July 10, 2007
Dear Editor, Ben Pixley's response to the minimum wage hike was emotionally valid, but his logic fell a little short of the mark in that it was not inclusive enough. The fact is everyone - without exception - receives a pay decrease when minimum wage hikes are enacted. Everyone but our beloved state government, initially. I have been disabled and living mostly on Social Security Disability for 17 years. I am on a fixed income, as are many elderly. We receive no additional funds when minimum wage increases raise the cost of goods and services; nor do my parents, who own a small business; nor, generally, do people on salaries.
November 6, 2006
Dear Editor, I never thought the day would come when I would agree with Brian Cooney. No sir. Republicans do not care about the working poor. I am 65 years old, and in all of my lifetime, no Republican administration in the White House of Washington, D.C. have ever raised the minimum wage for the working poor. Liberal Democrats are the only ones who have any compassion for the working poor now, and in the future. We can find things unethical and wrong with both parties if we look close enough, but to keep the minimum wage earner $2,500 below the poverty line (for a two-person household)
November 16, 2006
Dear Editor, The majority of people in minimum wage jobs are trying to be financially independent. There are families in this country where both parents are working two minimum wage jobs just to feed their children. To suggest that they don't care about their children is wrong and demeaning. Mr. Martin's arguments fail to consider the many educated people whose jobs have been outsourced to other countries. In the era of Reaganomics, we were told that tax cuts for the wealthy would "trickle down" to those at the bottom of the wage scale.
October 31, 2006
Dear Editor, I am 65 years old and counting. No Republican administration in the White House has ever raised the minimum wage for the working poor in my lifetime. If it gets raised at all, you can say it was liberal-minded Democrats who care for the little man. I may have changed from a Democrat in 2004 to a Republican, but it doesn't mean I am a team player regardless of what my party stands for. David Sparrow, Mike Harmon, Ron Pemberton, Leroy Hardin and John Long are all good people that I personally know, and it's a hard decision this election as to whom I should vote for. M. Wendell Anderson Danville
April 19, 2007
Kentucky lawmakers missed a rare opportunity last month to lead the nation on a matter of basic social justice. Granted, the legislature did pass an increase in the minimum wage before Congress could do so, and Gov. Ernie Fletcher signed it. But the bill they ended up with could best be described as "the minimum. " The original bill, filed last November by Democratic Rep. J.R. Gray of Benton, would have been one of the most progressive versions in the country. It would have raised the state's wage floor from $5.15 an hour, where it has been stuck since 1997, to $7 an hour this year, then increased it to $7.25 in 2008.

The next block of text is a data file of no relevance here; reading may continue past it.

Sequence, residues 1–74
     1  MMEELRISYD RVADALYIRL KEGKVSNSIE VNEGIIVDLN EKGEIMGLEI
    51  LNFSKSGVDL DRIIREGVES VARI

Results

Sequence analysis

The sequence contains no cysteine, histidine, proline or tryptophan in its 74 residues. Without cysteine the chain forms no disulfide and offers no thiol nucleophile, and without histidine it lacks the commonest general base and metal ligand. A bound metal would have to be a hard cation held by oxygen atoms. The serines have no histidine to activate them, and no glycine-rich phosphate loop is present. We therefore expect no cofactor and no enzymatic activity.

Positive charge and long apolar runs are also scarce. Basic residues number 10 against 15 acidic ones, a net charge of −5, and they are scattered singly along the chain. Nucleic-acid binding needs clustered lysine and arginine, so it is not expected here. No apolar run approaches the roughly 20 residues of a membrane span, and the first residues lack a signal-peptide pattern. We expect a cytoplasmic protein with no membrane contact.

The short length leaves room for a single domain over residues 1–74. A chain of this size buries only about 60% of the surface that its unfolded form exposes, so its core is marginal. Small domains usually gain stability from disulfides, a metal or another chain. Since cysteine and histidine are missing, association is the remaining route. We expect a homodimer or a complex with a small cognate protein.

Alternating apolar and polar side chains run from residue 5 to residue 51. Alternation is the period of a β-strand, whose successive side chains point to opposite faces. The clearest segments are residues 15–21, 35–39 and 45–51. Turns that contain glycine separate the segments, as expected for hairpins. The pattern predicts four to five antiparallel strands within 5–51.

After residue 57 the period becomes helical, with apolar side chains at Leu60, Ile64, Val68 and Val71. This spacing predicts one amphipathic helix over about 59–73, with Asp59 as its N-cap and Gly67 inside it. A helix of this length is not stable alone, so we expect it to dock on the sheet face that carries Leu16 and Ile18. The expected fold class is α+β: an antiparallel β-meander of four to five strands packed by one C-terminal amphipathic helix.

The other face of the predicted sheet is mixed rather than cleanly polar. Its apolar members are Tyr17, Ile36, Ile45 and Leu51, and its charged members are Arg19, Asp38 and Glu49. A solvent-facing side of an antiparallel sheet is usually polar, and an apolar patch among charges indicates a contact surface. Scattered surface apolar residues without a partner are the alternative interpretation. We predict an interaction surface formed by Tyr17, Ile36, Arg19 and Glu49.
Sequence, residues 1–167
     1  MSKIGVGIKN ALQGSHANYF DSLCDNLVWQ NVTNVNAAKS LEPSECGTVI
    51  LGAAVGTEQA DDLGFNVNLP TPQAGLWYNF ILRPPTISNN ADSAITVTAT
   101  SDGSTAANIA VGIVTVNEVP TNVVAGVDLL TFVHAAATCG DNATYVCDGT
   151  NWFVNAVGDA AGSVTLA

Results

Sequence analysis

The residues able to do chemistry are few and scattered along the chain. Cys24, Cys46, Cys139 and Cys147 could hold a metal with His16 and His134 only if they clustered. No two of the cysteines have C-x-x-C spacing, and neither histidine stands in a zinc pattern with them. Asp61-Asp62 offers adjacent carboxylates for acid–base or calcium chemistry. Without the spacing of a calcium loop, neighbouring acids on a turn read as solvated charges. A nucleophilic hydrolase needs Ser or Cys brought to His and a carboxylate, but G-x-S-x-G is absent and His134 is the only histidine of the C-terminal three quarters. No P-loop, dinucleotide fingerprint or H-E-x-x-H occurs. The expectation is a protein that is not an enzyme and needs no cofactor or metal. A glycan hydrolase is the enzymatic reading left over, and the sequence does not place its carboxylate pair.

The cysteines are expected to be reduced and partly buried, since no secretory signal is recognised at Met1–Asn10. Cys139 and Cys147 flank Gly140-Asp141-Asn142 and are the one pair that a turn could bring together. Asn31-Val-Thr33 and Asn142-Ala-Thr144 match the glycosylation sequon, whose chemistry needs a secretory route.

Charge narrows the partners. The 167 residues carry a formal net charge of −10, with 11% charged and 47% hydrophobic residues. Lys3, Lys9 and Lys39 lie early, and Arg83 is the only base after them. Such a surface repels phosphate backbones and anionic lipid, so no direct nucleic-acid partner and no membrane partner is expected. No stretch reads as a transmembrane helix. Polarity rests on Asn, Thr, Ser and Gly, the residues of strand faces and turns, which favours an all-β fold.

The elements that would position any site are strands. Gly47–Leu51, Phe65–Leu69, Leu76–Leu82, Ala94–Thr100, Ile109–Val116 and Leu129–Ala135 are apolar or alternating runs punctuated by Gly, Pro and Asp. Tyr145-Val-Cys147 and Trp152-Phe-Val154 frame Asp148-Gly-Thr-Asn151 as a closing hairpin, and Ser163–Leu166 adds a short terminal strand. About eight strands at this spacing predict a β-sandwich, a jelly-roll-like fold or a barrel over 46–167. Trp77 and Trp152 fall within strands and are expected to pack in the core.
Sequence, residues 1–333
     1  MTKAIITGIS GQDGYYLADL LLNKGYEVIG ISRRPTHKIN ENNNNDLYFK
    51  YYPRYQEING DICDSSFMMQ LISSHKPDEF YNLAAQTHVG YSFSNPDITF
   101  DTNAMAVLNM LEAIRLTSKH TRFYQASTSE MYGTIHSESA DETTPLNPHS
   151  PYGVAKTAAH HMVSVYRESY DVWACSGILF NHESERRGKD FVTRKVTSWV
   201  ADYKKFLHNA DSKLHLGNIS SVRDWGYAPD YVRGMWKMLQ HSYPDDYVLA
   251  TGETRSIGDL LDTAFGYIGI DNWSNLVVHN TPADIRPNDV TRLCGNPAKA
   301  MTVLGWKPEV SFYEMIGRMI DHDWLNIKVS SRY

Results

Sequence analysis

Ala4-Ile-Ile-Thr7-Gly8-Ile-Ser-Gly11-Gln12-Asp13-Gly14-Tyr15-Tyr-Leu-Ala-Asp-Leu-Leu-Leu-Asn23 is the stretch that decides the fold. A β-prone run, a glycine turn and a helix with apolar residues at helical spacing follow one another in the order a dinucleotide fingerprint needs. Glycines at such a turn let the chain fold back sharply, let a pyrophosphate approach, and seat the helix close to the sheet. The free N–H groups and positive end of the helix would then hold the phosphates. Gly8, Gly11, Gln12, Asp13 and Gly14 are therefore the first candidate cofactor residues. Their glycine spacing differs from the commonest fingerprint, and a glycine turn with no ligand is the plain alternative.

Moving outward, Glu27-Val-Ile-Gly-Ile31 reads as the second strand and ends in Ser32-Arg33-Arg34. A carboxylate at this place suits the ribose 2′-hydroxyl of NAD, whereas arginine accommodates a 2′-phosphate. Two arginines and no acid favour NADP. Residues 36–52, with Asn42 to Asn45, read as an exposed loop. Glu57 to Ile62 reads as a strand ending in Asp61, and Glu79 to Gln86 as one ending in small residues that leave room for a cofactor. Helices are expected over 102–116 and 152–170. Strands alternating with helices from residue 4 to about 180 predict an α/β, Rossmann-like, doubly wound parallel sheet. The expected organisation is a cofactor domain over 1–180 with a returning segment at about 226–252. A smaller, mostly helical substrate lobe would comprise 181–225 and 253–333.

November 3, 2006
Dear Editor, In your Oct. 23 issue, Mike Harmon commented he had left his job to go to the Kentucky legislature, and I assume this move was because he felt he could serve there for the good of the public. This statement might encourage applause from his constituents if, in fact, one of his desires is to raise the minimum wage. However, according to his recent letter to the editor, this does not seem to be on Mr. Harmon's agenda. Records show that in 1950, 56 years ago, the minimum wage was $.75 an hour.
July 13, 2006
Some people have been arguing lately that Kentucky should raise its minimum wage. But raising the minimum wage to eradicate poverty is not a solution. It is a Band-Aid ? and a poor one at that. We can all agree that poverty is a problem, but most of the time liberals and conservatives clash over how to solve it. In particular, I have seen some recent comments by liberal pundits regarding the issue of raising Kentucky's minimum wage, and I think they are way off base. To start with, some have made the assertion that no one can afford to live on $5.15 an hour.
June 27, 2006
Dear Editor, The minimum wage for working people in the United States has been $5.15, or $10,700 a year, for nearly a decade. The salary for a United States senator is now $165,200, and the salary has increased about $30,000 in the same time period. Our Kentucky senators voted against any raise in the minimum wage for working people in our country. Tommy Ellis Liberty
January 25, 2007
What would it be like to live on minimum wage? Let's say you and your spouse both earn $5.15 an hour. You work full time, and she or he gets just under 40 hours most weeks. Together you would bring home about $20,000 a year before taxes. On that income, it isn't likely you could own property in Winchester, but you might rent a two-bedroom apartment in a drafty old house for about $500. Utilities would cost another $200 if you kept the heat turned down. Cable TV and telephone service would be luxuries.